The light side of roaches
(Charles is on vacation. Here's a "Honolulu Lite Classic" from Aug. 19, 1995.)
There are two seasons in Hawaii: Roach Season and the other four days of the year. This season's crop of young talent features the biggest, baddest, fastest bugs ever to grace the inside of a tennis shoe.
Newcomers might wonder what you can do to keep these bad boys out of your house. The answer is: Nothing. You could surround your house with a 3-foot wall of Malathion crystals. They will come. You could build a moat, fill it with gasoline and light it. They will come. No barrier can keep them out. A determined roach can make itself paper thin in order to slip through the narrowest space. Then it will puff itself up like a disgusting disease-infested peacock and frighten small dogs away from their supper dish.
While roaches are vile, they can cause a chuckle.
The other night, I raised my garage door, turned on the light and there was a cockroach the size of a skateboard. I grabbed the first spray can I could reach, which happened to be WD-40. I shellacked the roach faster than Earl Scheib can paint a Toyota. It didn't kill him straight away, but man, you should have seen that roach scoot. His legs were moving so fast, smoke was coming from the joints. He smashed head-on into the working end of a metal rake and flipped over, dazed.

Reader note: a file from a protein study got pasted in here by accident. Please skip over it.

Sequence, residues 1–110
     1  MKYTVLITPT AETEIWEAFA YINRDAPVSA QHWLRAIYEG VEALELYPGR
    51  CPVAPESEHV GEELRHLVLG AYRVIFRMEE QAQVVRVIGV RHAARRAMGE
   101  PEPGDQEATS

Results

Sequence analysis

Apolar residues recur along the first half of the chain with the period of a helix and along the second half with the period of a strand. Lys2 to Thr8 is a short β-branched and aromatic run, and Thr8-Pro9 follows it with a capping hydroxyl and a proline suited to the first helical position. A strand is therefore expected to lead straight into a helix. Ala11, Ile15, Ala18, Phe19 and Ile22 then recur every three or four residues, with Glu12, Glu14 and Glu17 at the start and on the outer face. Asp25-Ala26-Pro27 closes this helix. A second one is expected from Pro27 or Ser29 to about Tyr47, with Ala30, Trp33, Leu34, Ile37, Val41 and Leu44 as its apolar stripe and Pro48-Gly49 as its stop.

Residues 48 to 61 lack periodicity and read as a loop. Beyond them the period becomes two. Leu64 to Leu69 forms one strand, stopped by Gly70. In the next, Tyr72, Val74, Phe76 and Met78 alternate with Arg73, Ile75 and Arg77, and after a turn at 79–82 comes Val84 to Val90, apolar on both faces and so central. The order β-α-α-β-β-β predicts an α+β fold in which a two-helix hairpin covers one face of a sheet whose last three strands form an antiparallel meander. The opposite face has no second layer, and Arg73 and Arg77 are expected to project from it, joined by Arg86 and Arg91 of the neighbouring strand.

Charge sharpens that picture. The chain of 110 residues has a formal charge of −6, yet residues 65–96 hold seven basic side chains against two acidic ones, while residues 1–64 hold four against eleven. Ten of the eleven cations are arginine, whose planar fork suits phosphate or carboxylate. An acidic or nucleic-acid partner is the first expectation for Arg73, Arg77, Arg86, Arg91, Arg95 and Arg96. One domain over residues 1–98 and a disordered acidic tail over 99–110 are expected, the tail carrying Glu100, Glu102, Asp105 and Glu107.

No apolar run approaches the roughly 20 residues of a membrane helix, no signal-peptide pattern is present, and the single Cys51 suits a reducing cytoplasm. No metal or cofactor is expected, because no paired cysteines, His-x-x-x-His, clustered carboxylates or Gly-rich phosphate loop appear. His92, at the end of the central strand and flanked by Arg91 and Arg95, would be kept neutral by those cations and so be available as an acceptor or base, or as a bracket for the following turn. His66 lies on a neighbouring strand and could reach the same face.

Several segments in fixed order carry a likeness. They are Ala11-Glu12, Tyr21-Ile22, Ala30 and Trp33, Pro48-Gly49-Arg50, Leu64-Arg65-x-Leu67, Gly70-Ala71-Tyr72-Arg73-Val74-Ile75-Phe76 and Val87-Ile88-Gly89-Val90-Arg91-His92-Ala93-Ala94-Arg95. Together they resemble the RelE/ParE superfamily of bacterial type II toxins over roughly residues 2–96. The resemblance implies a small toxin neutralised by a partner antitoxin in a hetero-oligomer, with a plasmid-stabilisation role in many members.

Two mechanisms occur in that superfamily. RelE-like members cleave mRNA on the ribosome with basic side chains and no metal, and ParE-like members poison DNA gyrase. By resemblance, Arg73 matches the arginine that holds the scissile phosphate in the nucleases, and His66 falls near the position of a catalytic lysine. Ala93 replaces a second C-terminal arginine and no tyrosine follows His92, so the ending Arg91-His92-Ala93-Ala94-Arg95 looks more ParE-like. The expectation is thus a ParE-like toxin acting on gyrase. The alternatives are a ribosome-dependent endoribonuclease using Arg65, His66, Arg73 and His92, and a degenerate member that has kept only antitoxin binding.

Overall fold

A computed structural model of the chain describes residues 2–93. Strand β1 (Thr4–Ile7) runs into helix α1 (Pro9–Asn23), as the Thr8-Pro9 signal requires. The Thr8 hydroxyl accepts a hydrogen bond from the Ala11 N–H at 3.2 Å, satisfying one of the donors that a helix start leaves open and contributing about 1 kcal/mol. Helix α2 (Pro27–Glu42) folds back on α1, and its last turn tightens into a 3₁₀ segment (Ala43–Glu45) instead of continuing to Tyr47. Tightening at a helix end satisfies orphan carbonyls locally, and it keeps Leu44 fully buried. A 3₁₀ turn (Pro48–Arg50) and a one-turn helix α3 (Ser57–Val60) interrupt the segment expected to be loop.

Just before he expired, he seemed to be looking at his legs, which continued to whirl. I'm no authority on roach facial expressions, but I swear this guy passed away in an extreme state of awe. Next time you see a roach, try a spritz of WD-40 and watch him do the quarter-mile in four seconds.
My second roach-related chuckle came after I scattered some of those "Roach Motel" traps outside the house. I generally don't like these traps because they only strengthen the roach gene pool, capturing only roaches stupid enough to go into cardboard houses with sticky stuff on the floor.
Instead of using the bait that came with the traps, I tried different substances. A bottle cap of white wine seemed to work best. I used a chardonnay, but a Riesling would probably work as well. They are roaches. Don't overthink it.
I forgot about the traps until my dog Boomer decided to check one out. It had about 10 roaches stuck inside. Naturally, Boomer got the trap stuck to his nose. It was quite a sight, Boomer running around like a deranged dingo with a cardboard house full of roaches stuck to his snout.
The downside is that getting a roach-infested trap off your dog's nose is incredibly gross and unpleasant. Just ask my wife.
Charles Memminger, the National Society of Newspaper Columnists' 2004 First Place Award winner for humor writing, appears Sundays, Tuesdays, Thursdays and Fridays. E-mail firstname.lastname@example.org